Dark Matter

A Galaxy has Been Found that’s Almost Entirely Dark Matter

Astronomers have discovered a galaxy with very little or no stellar mass. Galaxies like these are called ‘dark galaxies.’ It contains clouds of gas but very few stars, possibly none. This is the only isolated dark dwarf galaxy in the local universe.

All galaxies are made of mostly dark matter. The visible matter, like stars, gas and dust, makes up only a small percentage of a galaxy’s mass. But galaxies like this one, named FAST J0139+4328, are even more extreme, and its low luminosity suggests there are no stars, only clouds of gas. The astronomers who discovered it say the galaxy is “without any optical counterpart.”

Astronomers found the new dark galaxy with the Five-hundred-meter Aperture Spherical radio Telescope (FAST) and the Panoramic Survey Telescope and Rapid Response System (Pan-STAARS.) It’s a newly discovered galaxy and appears in most ways to be a typical disk galaxy. But it has an extremely low magnitude and low stellar mass. “These findings provide observational evidence that FAST J0139+4328 is an isolated dark dwarf galaxy with a redshift of z = 0.0083. This is the first time that an isolated dark galaxy has been detected in the nearby universe,” the researchers write in their article.

The research article is “Discovery of an isolated dark dwarf galaxy in the nearby universe.” The lead author is Jin-Long Xu from the Chinese Academy of Sciences and the National Astronomical Observatory. His co-authors are also from Chinese scientific institutions.

A redshift of z = 0.0083 means the galaxy is between about 1 million and 1.25 million light-years away. It’s an isolated HI cloud, meaning it’s a cloud of neutral hydrogen rather than ionized hydrogen or molecular hydrogen. The researchers say it’s in the form of a disk galaxy due to its shape and its rotational structure.

Modern cosmological theory explains the relationship between dark matter and galaxies. Theory says that dark matter haloes contain galaxies as if the dark matter provides the structure for the galaxy to form. The halo envelops the entire galactic disk and extends beyond the edge of the visible galaxy. Astronomers can’t see dark matter, but they infer its existence because of its effects on objects around it. The haloes play a critical role in galaxy formation and evolution according to our current models.

Dark galaxies like this one are oddballs. Astronomers think that their gas failed to form stars. That’s why astronomers think they’re critical in understanding how galaxies form and evolve. “Furthermore, the discovery of dark galaxies is crucial to understanding galaxy formation since gas-rich dark galaxies may reflect the earliest stage of galaxy formation,” the authors explain.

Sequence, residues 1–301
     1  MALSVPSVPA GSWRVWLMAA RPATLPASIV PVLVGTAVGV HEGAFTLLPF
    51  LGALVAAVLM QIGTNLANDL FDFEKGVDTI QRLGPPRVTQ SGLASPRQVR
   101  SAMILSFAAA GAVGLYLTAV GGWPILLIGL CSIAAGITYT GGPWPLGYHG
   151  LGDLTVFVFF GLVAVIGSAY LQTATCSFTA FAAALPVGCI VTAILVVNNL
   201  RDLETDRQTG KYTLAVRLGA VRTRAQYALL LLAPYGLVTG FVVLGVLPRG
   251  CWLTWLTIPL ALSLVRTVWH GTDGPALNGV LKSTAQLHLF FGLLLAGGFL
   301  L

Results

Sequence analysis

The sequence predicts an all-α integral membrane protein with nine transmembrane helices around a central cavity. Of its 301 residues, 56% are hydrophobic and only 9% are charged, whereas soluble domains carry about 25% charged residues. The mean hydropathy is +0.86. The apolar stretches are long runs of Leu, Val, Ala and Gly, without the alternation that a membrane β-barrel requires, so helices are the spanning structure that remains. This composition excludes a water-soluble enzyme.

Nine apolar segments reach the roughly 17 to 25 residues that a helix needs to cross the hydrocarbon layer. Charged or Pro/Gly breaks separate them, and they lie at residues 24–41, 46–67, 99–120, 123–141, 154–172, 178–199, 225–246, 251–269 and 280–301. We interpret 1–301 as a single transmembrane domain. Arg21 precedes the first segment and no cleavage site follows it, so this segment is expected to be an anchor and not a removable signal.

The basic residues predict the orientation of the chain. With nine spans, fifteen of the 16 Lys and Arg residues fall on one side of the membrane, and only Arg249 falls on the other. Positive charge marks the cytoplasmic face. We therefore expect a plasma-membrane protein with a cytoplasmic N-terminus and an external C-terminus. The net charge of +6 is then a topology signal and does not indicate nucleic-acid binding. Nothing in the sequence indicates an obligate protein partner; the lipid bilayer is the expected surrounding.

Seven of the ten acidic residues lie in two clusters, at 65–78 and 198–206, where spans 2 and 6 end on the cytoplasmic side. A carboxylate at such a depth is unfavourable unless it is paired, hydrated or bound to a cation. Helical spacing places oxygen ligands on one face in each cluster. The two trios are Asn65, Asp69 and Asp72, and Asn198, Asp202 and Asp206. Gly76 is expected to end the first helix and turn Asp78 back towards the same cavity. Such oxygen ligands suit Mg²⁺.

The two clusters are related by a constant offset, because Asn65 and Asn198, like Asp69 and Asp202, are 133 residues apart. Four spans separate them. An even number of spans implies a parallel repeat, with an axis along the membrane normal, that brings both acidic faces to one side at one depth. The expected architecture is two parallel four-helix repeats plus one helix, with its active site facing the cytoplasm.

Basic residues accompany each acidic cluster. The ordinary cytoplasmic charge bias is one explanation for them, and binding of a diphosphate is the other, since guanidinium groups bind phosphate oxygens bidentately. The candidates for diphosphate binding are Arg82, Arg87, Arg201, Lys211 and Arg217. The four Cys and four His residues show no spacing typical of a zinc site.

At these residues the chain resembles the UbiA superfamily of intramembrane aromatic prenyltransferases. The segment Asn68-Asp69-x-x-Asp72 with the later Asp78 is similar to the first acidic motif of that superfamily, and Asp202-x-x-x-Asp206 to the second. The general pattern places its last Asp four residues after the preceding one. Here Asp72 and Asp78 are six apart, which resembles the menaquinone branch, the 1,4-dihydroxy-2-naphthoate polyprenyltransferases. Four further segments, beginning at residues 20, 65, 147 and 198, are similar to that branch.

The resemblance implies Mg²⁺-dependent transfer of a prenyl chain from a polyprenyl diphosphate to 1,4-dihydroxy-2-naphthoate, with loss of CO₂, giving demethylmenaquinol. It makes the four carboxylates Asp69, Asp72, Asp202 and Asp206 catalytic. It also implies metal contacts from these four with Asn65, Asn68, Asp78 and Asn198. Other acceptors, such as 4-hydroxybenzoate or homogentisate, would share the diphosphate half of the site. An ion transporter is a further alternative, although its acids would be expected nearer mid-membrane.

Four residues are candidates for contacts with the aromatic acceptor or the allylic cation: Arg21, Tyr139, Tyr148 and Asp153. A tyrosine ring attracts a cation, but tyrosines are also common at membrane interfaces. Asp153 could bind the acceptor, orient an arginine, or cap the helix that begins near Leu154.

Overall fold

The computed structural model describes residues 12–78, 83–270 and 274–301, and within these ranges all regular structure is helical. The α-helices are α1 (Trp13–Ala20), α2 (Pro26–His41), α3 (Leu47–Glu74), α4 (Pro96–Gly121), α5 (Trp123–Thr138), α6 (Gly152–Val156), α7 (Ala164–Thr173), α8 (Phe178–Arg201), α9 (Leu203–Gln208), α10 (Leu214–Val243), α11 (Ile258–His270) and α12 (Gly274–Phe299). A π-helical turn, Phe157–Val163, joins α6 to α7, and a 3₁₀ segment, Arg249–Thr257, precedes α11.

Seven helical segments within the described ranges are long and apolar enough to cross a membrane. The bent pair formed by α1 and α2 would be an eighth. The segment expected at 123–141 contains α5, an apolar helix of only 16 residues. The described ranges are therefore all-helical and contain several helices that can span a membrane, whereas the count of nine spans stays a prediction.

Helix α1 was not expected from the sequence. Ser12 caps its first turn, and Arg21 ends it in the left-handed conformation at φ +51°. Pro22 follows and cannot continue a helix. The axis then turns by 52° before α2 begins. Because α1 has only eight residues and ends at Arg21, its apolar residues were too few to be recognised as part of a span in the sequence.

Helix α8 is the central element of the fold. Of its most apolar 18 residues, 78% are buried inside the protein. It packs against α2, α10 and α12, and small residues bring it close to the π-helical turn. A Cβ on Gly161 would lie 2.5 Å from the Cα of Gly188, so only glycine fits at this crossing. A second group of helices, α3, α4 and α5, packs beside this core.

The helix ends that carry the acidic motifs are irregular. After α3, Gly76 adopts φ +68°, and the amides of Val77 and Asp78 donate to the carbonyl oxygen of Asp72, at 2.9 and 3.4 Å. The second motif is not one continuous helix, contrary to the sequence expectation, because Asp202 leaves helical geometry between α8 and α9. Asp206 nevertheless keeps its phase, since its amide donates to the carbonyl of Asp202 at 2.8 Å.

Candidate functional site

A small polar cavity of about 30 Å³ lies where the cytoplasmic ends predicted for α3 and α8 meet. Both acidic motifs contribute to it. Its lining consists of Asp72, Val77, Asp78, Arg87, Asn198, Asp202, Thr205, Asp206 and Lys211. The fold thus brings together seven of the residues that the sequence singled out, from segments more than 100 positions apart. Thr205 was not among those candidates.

These images from the research show four different views of the dark dwarf galaxy. The black ellipses are stars, but the researchers used Gaia data to determine that they’re part of the Milky Way, not the dwarf galaxy. The images, across four different wavelengths, show that the galaxy has no optical counterpart, no stars. Image Credit: Xu et al. 2023

This dark dwarf galaxy and others like it could also help solve a problem in cosmology. The Cold Dark Matter (CDM) model predicts that there should be more dwarf galaxies than astronomers have been able to observe. It’s called the missing satellite problem or the dwarf galaxy problem.

The Milky Way has 11 dwarf galaxies, and the Local Group has about 38, according to observations. But the dark matter simulations show there should be about 500 dwarf galaxies as satellites of the Milky Way alone. Dark dwarf galaxies like this one could plug that gap and strengthen our understanding of dark matter and the cosmos itself.

While dark dwarf galaxies like this one are definite oddballs, they’re not the only ones. Astronomers have also found galaxies that contain little or no dark matter, though that finding is still controversial.

In 2018 a team of researchers published a paper titled “A galaxy lacking dark matter” in Nature. NGC 1052 is a group of galaxies, and the authors of the 2018 paper identified an ultra-diffuse galaxy named NGC 1052 DF2. “NGC1052–DF2 demonstrates that dark matter is not always coupled with baryonic matter on galactic scales,” the authors of that paper wrote. A subsequent paper published in 2019 announced the detection of another ultra-diffuse galaxy with no dark matter in the same region named NGC 1052 DF4.

In their article’s conclusion, the authors explain the significance of finding a dark dwarf galaxy.

“This is the first time that a gas-rich isolated dark galaxy has been detected in the nearby universe,” they write. “In addition, a galaxy is assumed to form from gas, which cools and turns into stars at the center of
a halo. FAST J0139+4328 has a rotating disk of gas and is dominated by dark matter but is starless, implying that this dark galaxy may be in the earliest stage of the galaxy formation.”

These dark dwarf galaxies may just not have enough dark matter to hold onto their gas. It may be that the amount of gas is too small to trigger Toomre instability in the galaxy’s rotating disk. Without stars, these dark dwarf galaxies are extremely faint and difficult to detect. They can only be detected by looking for neutral hydrogen (HI) rather than by electromagnetic radiation. To find more of them, we need more HI surveys.

“Future blind H I surveys with high sensitivity and high-velocity resolution are expected to contribute considerably to our understanding of the absence of ultra-faint galaxies,” the authors conclude.

Evan Gough

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